We have also created a couple of articles with general tips and help on research papers.
When writing a scientific paper, you will need to adjust to the academic format.
The most used standards for referencing in research papers are APA-standard and MLA-standard.
Some paper formats allow you to include footnotes in the text, while some do not allow footnotes.
This means you're free to copy, share and adapt any parts (or all) of the text in the article, as long as you give appropriate credit and provide a link/reference to this page. You don't need our permission to copy the article; just include a link/reference back to this page.
You can use it freely (with some kind of link), and we're also okay with people reprinting in publications like books, blogs, newsletters, course-material, papers, wikipedia and presentations (with clear attribution).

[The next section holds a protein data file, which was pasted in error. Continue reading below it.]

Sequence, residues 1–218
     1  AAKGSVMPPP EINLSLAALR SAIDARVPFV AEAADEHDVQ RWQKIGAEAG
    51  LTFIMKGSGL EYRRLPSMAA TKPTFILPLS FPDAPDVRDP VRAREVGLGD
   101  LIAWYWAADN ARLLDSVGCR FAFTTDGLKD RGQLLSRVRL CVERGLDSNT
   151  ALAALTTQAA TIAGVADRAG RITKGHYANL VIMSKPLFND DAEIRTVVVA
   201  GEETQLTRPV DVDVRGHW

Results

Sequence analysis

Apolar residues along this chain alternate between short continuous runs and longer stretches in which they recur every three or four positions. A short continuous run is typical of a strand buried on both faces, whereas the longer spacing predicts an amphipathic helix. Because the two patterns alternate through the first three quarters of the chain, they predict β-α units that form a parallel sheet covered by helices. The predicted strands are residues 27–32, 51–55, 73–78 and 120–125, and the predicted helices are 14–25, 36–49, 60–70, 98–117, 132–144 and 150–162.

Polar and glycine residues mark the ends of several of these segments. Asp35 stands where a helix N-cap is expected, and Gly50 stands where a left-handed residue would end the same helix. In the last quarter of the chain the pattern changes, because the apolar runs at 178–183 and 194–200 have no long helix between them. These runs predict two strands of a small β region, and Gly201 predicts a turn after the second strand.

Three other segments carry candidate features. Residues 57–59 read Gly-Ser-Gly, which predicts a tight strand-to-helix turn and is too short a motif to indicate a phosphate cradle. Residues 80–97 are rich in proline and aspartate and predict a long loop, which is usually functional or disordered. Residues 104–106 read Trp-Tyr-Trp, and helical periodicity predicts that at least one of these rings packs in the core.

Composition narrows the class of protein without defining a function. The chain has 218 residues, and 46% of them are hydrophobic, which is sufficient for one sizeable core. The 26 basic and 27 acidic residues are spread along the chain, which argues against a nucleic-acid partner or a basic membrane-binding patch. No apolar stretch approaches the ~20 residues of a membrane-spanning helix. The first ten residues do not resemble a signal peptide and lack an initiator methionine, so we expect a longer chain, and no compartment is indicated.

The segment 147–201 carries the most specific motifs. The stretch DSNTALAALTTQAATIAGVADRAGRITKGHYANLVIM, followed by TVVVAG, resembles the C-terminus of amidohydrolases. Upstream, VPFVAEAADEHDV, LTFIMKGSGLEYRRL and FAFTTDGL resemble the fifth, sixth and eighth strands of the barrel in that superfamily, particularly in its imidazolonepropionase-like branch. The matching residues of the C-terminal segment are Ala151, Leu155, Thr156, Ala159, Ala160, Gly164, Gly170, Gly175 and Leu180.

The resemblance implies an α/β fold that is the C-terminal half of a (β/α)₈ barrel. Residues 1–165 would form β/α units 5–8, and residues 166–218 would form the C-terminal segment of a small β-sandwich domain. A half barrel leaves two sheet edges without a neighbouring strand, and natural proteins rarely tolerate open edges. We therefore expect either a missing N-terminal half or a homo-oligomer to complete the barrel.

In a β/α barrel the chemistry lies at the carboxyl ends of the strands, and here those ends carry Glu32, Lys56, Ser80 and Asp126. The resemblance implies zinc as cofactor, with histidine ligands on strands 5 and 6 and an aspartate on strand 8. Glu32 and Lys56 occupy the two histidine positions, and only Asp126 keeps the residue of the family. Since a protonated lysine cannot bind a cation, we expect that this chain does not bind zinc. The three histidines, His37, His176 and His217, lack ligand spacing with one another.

You will need to revisit each subtopic to insert your own analysis and arrange the proper order of your paragraphs in the final stages.
Focus in on a few major points that you could write about. Read or skim those to find the most relevant and useful information. Be careful to indicate your source name and the page number for all information you record.
You will have to check with your faculty or school to know exactly how to write the paper - the guide is meant as an overview of academic papers in general.
Publication of your article can be a very time-consuming process.
If you do not know what to write about, you will have to look for ideas for research paper topics. An empiric paper frequently follows this structure: When correcting papers, we have been surprised by the many students struggling with intext citations.
The structure of a research paper might seem quite stiff, but it serves a purpose: It will help find information you are looking for easily and also help structure your thoughts and communication. Although the standards are somewhat different, citations in the text should not be too difficult to master.